But for most people, it isn't possible. From cell phones to loud neighbors, noise is so pervasive, it's stressing us out and even making us sick. Learn how to turn down the volume and tune out the annoyances—and make your life healthier and more tranquil.
When I moved from a ground-floor Manhattan apartment to a house in a Florida suburb, I began to call my bedroom my cave. It's nestled in the back corner, butting up against grass, oaks, and firs, and I couldn't get over how silent it was—save for the occasional hooting of an owl or, after a heavy summer rain, a serenade by croaking frogs. I had grown accustomed to a much different nighttime chorus during my two years in the city: screeching brakes, slurred shouts from drunken revelers, and piercing sirens. My new bedroom was so quiet, it was keeping me up at night. So I started turning on the ceiling fan to fill up the silence. The steady hum put me right to sleep.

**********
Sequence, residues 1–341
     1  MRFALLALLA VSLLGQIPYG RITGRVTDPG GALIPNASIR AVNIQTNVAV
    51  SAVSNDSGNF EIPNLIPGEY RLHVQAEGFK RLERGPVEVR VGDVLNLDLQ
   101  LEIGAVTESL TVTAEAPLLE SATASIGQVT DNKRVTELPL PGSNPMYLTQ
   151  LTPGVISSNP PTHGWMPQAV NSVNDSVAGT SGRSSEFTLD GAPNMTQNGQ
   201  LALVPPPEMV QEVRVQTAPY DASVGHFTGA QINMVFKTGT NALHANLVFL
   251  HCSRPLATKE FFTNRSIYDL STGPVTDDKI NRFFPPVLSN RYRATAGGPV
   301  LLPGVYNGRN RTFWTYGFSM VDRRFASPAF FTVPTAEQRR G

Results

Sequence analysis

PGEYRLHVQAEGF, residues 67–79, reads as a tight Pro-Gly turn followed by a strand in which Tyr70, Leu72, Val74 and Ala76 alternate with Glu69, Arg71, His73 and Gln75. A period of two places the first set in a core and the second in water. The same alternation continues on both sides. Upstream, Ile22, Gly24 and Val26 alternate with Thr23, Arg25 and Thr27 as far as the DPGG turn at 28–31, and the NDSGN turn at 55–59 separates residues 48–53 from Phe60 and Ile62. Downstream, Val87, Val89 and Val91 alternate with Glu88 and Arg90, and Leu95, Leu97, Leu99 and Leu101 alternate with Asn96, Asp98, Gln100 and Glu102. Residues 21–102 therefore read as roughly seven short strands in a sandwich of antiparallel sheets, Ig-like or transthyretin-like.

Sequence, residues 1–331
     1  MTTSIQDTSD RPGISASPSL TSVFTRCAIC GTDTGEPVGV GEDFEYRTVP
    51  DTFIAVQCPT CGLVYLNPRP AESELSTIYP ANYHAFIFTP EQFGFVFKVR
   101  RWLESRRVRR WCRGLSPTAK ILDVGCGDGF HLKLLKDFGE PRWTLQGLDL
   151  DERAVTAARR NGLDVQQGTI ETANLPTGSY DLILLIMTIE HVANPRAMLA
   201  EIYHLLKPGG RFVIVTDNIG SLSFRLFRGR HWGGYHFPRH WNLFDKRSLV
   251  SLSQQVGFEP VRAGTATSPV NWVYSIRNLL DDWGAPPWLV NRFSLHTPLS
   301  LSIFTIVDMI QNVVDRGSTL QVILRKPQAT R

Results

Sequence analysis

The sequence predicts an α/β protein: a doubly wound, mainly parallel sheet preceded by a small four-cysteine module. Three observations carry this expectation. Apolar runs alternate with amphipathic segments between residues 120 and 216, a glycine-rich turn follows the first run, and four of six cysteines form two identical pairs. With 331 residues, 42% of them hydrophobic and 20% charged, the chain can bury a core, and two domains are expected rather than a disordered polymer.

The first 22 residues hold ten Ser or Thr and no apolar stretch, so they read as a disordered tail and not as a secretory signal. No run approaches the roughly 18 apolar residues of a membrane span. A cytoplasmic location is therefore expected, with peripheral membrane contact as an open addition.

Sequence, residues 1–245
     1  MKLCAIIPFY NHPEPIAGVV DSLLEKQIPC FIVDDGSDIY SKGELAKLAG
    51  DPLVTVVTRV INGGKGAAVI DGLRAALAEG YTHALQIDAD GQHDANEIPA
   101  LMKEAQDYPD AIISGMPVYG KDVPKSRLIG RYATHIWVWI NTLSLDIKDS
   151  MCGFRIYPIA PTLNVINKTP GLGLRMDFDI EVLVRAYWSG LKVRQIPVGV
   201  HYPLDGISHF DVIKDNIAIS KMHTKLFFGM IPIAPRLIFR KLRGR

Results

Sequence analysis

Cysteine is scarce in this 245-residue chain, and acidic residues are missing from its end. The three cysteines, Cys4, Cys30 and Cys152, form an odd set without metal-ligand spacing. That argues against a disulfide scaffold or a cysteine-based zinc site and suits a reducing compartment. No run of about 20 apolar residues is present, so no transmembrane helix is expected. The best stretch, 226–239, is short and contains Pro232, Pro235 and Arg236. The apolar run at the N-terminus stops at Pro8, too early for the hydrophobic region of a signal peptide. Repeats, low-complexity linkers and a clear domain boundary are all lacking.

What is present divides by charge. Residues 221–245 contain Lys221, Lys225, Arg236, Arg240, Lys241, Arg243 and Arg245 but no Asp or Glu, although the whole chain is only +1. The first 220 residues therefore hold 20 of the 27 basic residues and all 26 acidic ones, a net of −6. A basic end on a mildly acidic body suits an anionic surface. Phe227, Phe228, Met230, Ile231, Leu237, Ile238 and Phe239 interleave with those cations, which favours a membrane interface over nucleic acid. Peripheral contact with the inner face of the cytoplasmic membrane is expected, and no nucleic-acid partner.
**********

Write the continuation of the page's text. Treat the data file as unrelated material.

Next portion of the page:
All this made me realize the extent to which our days are filled with the constant buzz of background noise, whether we live in the city, the suburbs, or the country—from the honking horns of traffic to the droning of the television, radio, and washing machine. Even if you turn off all the obvious noisemakers, the whir of your refrigerator or air conditioner kicks in. The opportunity to experience complete quiet is so fleeting that when you finally encounter it, it feels unnatural. "We are inundated with so much sound that we don't know how to be alone with ourselves anymore," says Arline L. Bronzaft, PhD, an environmental psychologist on the board of the Council on the Environment of New York City who has been studying noise for three decades. "The first thing too many people do when entering their homes is to turn on the television or radio just to have some background sound. They don't spend enough time getting in touch with their feelings, reflecting, imagining, and thinking—all rewarding activities that call for quiet."